Well, at least they were upfront with you guys now! There’s so much going on with this record, and I’m really wondering with this upcoming Australian tour, how tricky are some of these songs and arrangement may be to pull off live? I’m sure there’ll be some samples and backing tracks and some dynamic changes too. 

They are actually really difficult to re-create exactly live. For instance, with the bag-pipes on ‘Bastardizer’, those bag-pipes are recorded at a different speed because the specific key for bag-pipes cannot be transposed. So we recorded them at one speed, we did all of the math on it, and then we slowed them down so that they were now the same key as the song. We couldn’t have bag-pipes live. But we are making up for how we play these songs by changing up the dynamics and putting much more energy into how we play. Just so no one’s bored and wanting us to bring out a bag-pipes player [laughs]. Which is the case for a lot of the songs that have these extra elements. So we now have three samplers on-stage with us. With ‘Heartbeats’, there’s all of those string orchestrations, which are all taken from a Rachmaninoff symphony. The big thing is just to put on bigger energy and performances, knowing full well that we cannot replicate every single instrument on the original recording. We leave a lot of the samples and stuff up to Eric [Hudson, guitar], and the more rhythmic sample parts up to Jon [Hellwig, drummer].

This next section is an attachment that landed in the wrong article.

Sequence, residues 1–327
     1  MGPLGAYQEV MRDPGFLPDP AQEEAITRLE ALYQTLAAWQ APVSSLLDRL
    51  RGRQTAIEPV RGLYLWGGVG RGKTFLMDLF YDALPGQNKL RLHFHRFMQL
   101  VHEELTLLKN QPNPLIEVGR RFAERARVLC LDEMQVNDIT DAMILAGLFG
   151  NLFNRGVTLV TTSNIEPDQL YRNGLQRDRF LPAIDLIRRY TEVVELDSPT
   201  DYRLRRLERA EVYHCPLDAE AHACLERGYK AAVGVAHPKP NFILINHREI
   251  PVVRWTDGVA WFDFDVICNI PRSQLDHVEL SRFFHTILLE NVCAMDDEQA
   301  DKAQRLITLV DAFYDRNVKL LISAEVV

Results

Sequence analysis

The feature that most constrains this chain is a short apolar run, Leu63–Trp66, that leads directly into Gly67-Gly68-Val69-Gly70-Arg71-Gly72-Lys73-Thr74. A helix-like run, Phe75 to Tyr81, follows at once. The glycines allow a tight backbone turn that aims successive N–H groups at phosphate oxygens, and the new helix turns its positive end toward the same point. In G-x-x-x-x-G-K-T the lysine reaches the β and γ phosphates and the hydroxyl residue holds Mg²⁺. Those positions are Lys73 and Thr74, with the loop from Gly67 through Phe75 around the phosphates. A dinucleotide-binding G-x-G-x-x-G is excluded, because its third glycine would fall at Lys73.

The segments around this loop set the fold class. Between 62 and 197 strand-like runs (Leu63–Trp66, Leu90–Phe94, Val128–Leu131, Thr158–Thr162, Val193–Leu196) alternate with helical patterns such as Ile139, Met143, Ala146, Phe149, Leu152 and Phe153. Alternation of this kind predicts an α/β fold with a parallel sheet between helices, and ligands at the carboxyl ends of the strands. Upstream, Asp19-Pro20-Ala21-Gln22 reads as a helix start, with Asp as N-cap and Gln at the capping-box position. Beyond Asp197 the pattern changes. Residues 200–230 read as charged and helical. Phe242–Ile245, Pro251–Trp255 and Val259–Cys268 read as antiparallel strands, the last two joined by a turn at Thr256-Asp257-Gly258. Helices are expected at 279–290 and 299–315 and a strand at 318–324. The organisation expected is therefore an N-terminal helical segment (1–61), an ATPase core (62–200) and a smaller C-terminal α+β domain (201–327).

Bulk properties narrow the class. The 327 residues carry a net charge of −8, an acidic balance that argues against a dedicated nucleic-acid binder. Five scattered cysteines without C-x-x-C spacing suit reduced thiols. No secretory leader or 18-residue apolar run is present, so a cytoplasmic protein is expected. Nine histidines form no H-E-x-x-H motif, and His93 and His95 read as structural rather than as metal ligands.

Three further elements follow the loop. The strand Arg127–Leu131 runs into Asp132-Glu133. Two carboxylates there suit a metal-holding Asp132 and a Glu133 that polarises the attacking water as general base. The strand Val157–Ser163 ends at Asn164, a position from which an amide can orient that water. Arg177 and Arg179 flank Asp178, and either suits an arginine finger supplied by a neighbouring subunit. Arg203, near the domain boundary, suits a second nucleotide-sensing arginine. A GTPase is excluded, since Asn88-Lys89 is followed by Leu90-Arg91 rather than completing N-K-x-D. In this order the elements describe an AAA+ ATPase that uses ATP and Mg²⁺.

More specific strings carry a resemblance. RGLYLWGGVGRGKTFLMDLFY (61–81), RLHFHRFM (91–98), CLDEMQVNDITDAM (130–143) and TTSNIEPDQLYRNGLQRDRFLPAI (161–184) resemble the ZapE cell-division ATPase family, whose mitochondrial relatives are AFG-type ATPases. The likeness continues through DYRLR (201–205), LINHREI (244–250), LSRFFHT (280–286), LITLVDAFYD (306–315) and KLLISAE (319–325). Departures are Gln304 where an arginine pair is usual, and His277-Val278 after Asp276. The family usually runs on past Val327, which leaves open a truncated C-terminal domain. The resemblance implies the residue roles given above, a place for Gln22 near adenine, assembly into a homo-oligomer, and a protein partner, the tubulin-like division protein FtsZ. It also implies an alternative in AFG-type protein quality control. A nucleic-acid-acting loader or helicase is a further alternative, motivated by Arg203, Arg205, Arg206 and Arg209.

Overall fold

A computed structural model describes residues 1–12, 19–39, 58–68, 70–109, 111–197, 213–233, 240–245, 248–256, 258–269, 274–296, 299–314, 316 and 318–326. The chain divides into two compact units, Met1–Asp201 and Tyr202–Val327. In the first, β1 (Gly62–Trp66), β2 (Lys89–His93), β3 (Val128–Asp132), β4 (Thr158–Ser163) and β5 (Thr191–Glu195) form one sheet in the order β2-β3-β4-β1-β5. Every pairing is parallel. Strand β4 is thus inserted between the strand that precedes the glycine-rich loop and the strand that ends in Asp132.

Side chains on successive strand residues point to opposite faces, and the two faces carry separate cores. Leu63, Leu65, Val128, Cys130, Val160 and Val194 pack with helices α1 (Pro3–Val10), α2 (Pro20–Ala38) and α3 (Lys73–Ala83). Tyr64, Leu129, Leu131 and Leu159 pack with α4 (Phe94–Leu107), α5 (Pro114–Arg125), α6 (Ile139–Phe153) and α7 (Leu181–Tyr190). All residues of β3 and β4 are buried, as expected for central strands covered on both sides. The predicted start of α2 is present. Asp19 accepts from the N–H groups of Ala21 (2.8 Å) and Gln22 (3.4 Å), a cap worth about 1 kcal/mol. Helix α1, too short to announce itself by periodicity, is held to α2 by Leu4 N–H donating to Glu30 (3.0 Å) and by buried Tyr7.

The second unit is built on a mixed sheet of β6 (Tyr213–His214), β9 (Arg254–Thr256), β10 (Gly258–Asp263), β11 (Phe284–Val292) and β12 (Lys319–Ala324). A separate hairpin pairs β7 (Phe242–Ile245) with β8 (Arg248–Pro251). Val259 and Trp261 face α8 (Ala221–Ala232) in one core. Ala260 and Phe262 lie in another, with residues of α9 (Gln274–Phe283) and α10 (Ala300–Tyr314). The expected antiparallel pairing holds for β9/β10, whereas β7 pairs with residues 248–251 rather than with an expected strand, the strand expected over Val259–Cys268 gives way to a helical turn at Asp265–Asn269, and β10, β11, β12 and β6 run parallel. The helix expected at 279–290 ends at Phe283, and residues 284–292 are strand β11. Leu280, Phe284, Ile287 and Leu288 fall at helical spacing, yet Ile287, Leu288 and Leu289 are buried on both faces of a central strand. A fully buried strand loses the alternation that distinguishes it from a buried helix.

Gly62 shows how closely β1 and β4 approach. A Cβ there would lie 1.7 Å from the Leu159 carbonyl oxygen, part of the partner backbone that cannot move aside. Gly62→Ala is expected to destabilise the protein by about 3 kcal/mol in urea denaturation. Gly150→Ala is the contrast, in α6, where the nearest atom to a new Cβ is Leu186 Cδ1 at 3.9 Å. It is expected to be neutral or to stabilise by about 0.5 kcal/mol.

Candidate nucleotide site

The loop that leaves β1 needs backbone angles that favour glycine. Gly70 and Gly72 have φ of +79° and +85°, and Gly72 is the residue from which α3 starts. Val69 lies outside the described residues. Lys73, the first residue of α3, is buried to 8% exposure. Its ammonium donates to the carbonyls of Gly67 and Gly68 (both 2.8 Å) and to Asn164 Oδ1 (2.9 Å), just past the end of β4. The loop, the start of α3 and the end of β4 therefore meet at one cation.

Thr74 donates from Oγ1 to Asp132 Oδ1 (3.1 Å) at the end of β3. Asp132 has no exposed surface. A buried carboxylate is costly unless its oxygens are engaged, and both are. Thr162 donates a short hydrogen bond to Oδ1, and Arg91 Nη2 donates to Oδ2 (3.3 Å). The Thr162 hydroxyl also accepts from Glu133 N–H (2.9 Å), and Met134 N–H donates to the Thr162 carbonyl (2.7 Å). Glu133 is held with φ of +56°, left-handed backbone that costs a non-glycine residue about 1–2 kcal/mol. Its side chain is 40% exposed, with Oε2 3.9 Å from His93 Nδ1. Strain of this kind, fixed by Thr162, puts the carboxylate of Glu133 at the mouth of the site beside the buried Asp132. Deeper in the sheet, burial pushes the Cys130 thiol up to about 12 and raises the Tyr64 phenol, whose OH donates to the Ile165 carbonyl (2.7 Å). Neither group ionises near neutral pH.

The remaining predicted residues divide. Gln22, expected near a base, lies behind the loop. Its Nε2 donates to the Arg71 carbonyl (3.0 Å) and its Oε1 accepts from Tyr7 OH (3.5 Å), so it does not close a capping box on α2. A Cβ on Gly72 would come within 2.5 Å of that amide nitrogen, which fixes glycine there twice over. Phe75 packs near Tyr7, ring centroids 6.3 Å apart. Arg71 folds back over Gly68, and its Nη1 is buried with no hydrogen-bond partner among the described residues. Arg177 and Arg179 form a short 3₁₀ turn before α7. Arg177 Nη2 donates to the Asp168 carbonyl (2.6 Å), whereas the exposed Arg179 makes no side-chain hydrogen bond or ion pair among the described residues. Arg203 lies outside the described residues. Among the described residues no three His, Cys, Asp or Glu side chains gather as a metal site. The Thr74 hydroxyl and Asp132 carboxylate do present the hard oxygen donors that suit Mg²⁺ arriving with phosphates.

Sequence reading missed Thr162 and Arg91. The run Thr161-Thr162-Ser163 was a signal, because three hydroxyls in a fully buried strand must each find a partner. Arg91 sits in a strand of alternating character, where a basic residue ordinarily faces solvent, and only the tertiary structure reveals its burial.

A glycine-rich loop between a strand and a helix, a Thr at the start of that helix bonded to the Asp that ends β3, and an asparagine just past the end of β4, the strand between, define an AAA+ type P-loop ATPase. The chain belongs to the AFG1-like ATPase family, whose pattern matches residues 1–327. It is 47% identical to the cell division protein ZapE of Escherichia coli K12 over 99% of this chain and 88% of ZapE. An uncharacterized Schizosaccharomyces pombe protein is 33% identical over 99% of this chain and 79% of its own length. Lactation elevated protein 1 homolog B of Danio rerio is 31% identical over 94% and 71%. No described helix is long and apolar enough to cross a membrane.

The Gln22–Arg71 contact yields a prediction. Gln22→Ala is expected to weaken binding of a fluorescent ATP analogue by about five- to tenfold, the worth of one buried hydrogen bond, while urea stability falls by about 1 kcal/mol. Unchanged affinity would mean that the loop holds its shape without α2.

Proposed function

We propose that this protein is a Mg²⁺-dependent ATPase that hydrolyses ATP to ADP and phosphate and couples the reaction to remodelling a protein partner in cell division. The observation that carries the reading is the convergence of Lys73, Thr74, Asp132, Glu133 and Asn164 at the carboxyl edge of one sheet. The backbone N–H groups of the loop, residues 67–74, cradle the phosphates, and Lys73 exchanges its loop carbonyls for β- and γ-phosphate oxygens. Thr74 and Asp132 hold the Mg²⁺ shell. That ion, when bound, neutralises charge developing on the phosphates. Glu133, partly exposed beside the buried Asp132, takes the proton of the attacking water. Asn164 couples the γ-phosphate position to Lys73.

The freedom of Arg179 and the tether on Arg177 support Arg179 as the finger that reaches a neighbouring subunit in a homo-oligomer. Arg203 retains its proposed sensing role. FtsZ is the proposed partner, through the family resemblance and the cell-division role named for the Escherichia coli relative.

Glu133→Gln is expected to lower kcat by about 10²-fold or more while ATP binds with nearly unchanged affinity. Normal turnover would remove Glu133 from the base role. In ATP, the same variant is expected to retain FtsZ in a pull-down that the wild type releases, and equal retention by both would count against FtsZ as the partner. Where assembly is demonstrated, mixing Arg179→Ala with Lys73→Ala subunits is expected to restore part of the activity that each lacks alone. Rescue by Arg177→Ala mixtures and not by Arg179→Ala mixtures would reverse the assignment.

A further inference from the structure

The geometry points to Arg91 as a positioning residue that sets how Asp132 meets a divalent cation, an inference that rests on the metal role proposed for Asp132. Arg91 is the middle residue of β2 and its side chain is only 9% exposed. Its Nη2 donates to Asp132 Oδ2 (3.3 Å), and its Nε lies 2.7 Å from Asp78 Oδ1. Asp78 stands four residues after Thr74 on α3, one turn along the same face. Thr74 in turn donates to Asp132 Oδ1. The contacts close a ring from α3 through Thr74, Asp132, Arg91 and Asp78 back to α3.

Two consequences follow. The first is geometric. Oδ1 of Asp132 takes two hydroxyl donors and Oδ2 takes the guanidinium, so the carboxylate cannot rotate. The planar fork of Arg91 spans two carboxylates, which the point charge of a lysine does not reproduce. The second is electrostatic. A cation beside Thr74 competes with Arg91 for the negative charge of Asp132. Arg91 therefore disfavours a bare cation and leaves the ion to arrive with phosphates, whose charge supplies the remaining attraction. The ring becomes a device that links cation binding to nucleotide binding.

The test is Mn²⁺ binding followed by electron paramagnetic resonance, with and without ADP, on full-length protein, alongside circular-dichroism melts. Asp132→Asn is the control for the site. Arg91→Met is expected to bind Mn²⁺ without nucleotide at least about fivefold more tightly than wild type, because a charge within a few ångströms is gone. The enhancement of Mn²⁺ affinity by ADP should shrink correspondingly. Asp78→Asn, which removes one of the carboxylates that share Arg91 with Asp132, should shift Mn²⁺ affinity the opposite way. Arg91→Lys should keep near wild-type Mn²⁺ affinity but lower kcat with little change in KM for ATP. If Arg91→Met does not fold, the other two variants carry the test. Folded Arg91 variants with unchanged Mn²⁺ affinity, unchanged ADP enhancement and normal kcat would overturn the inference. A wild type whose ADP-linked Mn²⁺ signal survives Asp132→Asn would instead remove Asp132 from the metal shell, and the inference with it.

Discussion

Hey man, whatever works! It’s really cool you talk a lot about the samples used in Foxing’s music and how you guys approach that stuff too. 

Well, with the samples, we know what we can and can’t do. Obviously, we’d never get away with using a full Beyonce song on one of our records, as cool as that would be. We don’t worry too much. As we just put the samples in there and tell our manager what we used. [Laughs]. That’s one of the giant luxury’s of having a team and a manager working for you. As we don’t wanna get too bogged down while writing and creating and thinking: “this is so cool, but I don’t know if we can use it“. I suppose it’s a backwards process for working with and being creative with samples these days. It’s better to get everything else done and then work out what you can do, and replace things with other parts if need be.

Before we wrap up, Conor, I just wanted to say that I liked how you re-used that same outfit across all three of the music video’s for ‘Slapstick’, ‘Heartbeats’ and the title track, almost connecting them into the same universe and narratives with this “The Botanist” role.

Thanks! In terms of the narrative of this record, that janitor costume that I wore, which was made by Allison Pearce, who is a really great designer, she did such a good job with it. I told her that I wanted it to be a suit that some kind of space-man or scientist would wear whilst working. And she just nailed it! It’s more like a suit used for a fighter jet pilot but it fits. What with the whole point of that being that the music videos are set in these future or alternate timelines where the world is almost ending and there’s this science fiction vibe. I’m actually not sure if we’d ever continue this kind of narrative, though. It would maybe only happen if the next record continued the thoughts of this one. And I’m honestly not sure one way or another. As I’m also not sure if we’d wanna just start from scratch over again. Which is what we always do with our records.



Foxing Australian tour 2019:

February 27th, Reverence Hotel – Melbourne

March 1st, Factory Floor – Sydney

Saturday March 2nd, McCabe Park – Wollongong

March 3rd, Crowbar – Brisbane

Tickets here.